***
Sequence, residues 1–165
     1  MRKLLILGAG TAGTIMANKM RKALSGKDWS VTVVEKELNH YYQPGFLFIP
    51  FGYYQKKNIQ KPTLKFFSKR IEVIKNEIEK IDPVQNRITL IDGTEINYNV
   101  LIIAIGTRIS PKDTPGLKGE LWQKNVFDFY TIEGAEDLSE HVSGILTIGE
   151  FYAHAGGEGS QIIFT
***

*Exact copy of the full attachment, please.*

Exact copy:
Sequence, residues 1–165
     1  MRKLLILGAG TAGTIMANKM RKALSGKDWS VTVVEKELNH YYQPGFLFIP
    51  FGYYQKKNIQ KPTLKFFSKR IEVIKNEIEK IDPVQNRITL IDGTEINYNV
   101  LIIAIGTRIS PKDTPGLKGE LWQKNVFDFY TIEGAEDLSE HVSGILTIGE
   151  FYAHAGGEGS QIIFT